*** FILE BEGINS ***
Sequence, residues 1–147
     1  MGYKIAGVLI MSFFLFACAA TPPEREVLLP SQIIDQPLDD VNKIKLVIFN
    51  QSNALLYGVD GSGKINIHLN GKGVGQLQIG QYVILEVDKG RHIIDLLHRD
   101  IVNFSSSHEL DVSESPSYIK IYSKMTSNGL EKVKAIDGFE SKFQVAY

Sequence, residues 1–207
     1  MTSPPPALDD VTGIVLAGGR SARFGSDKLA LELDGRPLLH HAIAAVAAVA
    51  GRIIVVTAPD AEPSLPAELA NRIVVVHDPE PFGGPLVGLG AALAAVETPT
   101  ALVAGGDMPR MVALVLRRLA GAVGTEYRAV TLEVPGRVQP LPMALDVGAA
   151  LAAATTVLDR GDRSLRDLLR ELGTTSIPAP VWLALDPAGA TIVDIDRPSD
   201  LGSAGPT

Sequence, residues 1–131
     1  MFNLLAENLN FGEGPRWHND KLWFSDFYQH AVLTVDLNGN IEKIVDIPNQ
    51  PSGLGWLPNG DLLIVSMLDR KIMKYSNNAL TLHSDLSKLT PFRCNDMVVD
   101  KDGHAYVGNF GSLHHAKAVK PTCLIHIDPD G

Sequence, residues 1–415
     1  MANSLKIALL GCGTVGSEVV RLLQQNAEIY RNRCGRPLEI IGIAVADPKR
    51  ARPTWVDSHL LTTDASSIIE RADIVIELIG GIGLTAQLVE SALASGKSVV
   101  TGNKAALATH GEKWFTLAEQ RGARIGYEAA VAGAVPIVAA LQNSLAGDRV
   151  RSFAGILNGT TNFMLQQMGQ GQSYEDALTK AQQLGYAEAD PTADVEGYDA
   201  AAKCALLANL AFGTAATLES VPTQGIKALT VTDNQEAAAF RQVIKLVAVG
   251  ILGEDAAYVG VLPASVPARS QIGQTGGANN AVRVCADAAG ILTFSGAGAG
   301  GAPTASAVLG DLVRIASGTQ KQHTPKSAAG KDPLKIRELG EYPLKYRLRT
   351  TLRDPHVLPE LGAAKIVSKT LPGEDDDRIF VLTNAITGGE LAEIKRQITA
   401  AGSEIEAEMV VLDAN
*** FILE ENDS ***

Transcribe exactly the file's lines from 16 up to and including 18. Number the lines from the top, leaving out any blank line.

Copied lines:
     1  MANSLKIALL GCGTVGSEVV RLLQQNAEIY RNRCGRPLEI IGIAVADPKR
    51  ARPTWVDSHL LTTDASSIIE RADIVIELIG GIGLTAQLVE SALASGKSVV
   101  TGNKAALATH GEKWFTLAEQ RGARIGYEAA VAGAVPIVAA LQNSLAGDRV